Can you tell the complete story of ham radio in the recovery effort on Puerto Rico following hurricanes Irma and Maria in two and a half hours?
Well... no. OK, you probably could if you spend a couple months producing a highly edited documentary. Maybe somebody's going to do that. But right now you can listen to our guests, Jeremy Dougherty NS0S and Michael Smith N5TGL recount their experiences. They each spent almost three weeks on the island, mostly in the field (in separate locations), mostly with just one other ham, in areas that had zero communications with San Juan or the rest of the world until they arrived.
This is not the story you'll hear on Ham Nation, and probably not the one you'll read in QST. If there was a plan, it was barely a plan. And it fell apart immediately. There was a lack of leadership and coordination, and little understanding of what the hams would face once they left San Juan. Both Jeremy and Michael were frustrated, yet they carried on with the mission, improvising both their interaction with local authorities and the technology they had to work with. In some cases they had to battle bureaucracy to get the job done.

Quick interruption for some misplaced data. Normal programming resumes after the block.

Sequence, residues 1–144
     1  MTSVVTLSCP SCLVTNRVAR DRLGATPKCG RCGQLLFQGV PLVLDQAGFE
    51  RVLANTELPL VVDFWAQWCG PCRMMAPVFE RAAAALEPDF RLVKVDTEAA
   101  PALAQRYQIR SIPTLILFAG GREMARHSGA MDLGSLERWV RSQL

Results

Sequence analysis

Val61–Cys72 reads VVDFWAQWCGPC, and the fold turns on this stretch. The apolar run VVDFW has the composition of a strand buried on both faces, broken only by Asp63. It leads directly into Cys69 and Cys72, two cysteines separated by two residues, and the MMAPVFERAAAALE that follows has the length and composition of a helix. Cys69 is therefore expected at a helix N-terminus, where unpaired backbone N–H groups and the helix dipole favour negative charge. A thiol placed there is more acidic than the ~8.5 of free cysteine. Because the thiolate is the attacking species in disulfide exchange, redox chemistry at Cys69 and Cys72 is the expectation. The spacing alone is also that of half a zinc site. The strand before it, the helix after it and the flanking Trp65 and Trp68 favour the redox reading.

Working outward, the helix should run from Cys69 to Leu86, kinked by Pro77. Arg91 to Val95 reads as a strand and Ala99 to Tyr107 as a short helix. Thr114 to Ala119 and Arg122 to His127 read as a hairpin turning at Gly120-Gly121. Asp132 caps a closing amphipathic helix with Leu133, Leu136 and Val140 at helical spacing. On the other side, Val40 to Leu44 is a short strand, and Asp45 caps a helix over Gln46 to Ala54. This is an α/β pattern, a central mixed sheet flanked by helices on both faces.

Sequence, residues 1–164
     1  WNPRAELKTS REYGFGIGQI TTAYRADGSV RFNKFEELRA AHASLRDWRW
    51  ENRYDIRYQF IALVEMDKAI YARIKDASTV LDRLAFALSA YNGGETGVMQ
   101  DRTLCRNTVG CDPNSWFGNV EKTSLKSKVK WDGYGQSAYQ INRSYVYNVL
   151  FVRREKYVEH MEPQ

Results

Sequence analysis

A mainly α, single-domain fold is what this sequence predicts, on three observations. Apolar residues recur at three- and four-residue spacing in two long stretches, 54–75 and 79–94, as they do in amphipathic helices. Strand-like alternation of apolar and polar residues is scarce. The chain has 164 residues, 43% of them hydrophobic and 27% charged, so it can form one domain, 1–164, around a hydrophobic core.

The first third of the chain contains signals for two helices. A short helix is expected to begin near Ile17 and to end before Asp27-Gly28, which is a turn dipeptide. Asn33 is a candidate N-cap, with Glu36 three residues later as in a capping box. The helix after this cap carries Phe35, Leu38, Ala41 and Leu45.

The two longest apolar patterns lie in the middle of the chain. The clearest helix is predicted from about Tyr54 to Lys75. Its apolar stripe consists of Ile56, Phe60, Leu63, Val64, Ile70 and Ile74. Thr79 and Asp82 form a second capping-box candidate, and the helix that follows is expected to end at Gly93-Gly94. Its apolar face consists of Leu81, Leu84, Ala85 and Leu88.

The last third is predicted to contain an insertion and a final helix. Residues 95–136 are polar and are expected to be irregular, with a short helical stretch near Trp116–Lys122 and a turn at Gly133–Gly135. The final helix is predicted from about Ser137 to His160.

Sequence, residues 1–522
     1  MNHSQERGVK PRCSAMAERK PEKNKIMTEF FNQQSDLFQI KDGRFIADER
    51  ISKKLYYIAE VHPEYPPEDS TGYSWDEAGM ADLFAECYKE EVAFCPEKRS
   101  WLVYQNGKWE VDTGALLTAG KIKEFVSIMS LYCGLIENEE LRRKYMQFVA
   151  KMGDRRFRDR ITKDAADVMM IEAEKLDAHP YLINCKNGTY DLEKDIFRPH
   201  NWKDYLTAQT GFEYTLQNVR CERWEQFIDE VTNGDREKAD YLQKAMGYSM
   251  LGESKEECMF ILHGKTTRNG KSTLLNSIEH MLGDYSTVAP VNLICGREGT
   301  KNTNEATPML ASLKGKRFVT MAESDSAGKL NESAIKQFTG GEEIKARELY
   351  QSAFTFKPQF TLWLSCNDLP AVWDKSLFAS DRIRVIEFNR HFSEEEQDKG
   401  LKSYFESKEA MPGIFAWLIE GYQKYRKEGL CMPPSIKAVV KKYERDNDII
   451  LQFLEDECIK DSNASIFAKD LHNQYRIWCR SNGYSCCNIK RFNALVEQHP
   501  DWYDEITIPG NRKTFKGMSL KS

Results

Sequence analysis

We probed Jeremy and Michael for details, and we got a lot. Jeremy in particular has a bitter story of his final experiences. That begins at an hour and fifty minutes in, so if you can't listen to the whole program, skip down to that. And note that there are two sides (at least) to that story, and we're only presenting Jeremy's side here. HamRadioNow is open to presenting the counterpoint, or maybe you'll hear that on another show.
Here's the link to Jeremy's Extreme EmComm document.
Radio Rating: A. This is a talking-head show. We'll look at Puerto Rico on Google Maps some, and if you're not familiar with the island, it'll help to look at the map a bit.
Michael took a lot of pictures – some of the general island devastation, and some of the amateur radio activity. You can look at them here on his Flickr feed.
Another deployed ham, Wey Walker K8EAB, posted a 35-minute video on YouTube showing both the area of the island he headed to, and amateur radio there and in San Juan. It's very much an 'amateur' video, but it will add to your understanding of what hams did there.